Electronic motor control
and my obsession with a 1935 bookbinding machine

This is the second part of my obsession story. To read the first part, please click here.

And that’s where my odyssey began. Alternating current induction motors use the frequency of the line power (60 Hz in our case) to set the speed of the motor. To change speed, one must vary the frequency. For that there is a relatively new technology on the market call the Variable-Frequency Drive. These devices, all solid-state, are miraculous for this purpose. VFDs can be obtained that convert single-phase electricity to three-phase (solving one of the great machine shop problems of the world), and converting three-phase 60 Hz to three-phase almost-any Hertz for motor control.

I researched these and bought one made by a Chinese company called Teco, a company affiliated with Westinghouse. They are solidly built electronic devices that will take one kind of power in one side and then push a different kind of power out the other end.

This is the Teco/Westinghouse Variable-Frequency Drive. It is a solid-state power device that can take 208 VAC three-phase at 60 Hz, and convert it to the same voltage out, but with variable frequency. Connecting it is relatively simple; programming it is a bit harder.

But it’s not that simple! In order to run a VFD, I would need an electromagnetic contactor, a circuit breaker, three fuses, a 24 volt DC power supply (to operate the contactor), and a cooling fan to keep it all from overheating. All of this went into a large steel utility box. And, into that box I had to drill and saw about 50 holes. I also designed and built a handsome remote control box. That box is now mounted close to the operator’s seat while the rest of this equipment is 18 inches away, on the top of the machine.

A warning: high voltage electricity can kill you! It’s potentially dangerous, and adventures like this should only be undertaken by those with skills and knowledge of electricity and electrical wiring. Always disconnect from the source power, or turn off the main circuit breaker when working with electric components, and never assume that the power is off. Check to be sure, using a meter to test for live current. Believe me. If in doubt, don’t do this! Hire a licensed electrical contractor.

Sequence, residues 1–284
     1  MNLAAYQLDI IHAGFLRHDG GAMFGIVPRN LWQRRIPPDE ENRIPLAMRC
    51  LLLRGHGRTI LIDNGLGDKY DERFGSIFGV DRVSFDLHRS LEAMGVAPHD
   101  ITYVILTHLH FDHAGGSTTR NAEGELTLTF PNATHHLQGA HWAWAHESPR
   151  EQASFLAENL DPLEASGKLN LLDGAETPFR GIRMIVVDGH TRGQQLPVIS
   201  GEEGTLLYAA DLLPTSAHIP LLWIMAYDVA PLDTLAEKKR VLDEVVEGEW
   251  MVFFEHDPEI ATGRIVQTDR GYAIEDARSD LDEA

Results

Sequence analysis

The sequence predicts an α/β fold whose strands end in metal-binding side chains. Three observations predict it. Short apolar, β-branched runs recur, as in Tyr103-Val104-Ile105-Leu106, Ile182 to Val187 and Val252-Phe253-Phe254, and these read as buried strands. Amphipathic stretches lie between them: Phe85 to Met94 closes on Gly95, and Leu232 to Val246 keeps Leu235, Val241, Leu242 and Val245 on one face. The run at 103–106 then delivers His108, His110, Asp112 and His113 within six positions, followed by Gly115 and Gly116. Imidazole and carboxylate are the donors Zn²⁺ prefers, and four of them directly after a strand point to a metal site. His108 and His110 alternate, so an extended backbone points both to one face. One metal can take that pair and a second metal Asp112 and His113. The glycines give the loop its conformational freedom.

Since this is a State of California installation, and strict safety rules apply to all such things, the whole system was built to-code (which would be smart in any case). All the wires had to be of the correct gauge and color, and all of the connectors had to be properly prepared. The external wiring was run in oil-tight conduit.

In the process of building this device, I learned about DIN 35 standards and DIN 35 rails. DIN is the Deutsches Institut für Normung (German Institute for Standardization).  These are systems devised for industrial electrical equipment, and they are impressive. If you need a flux capacitor, you can find one on eBay with the standard DIN 35 rail to mount it to your assembly. I bought several sections of DIN 35 rail, and put one strip in the back of my box. All of the other components simply clip onto to the rail, making assembly and wiring very easy. The whole thing has a clean, professional look as a result.

This is my draft schematic diagram. It shows how the wires connect to make the motor run. Included are the safety devices: the circuit breaker and three fast-blow fuses, which are recommended by the manufacturer.

On projects like this I like to start with a schematic diagram to get the wiring figured out, then I advance to a scale drawing, with wiring, to-size. I do these drawings in Adobe Illustrator, and I am compulsive about them. The components must be accurately drawn, and the wires must be run correctly in the drawings. This allows me to see if things won’t fit, or if I am making a colossal error in putting the breaker to the right of the power supply. In one instance, I realized the the electromagnetic contactor should be mounted upside down. This allowed me to wire it more logically, and for the wires to move left-to-right, and never over or under the electrical components.

This is the final wiring diagram, which I drew to-scale. In this way I can see if I have left enough room for the wires and the components. Notice that the electromagnetic contactor is mounted upside-down. This gave me the chance to install the wires to the fuse holders more efficiently. The National Electrical Code requires only that the circuit breaker be mounted right-side-up, so that up is on and down is off. This diagram also includes the low-voltage power supply and the low-voltage control wiring going to, and coming from the remote control box.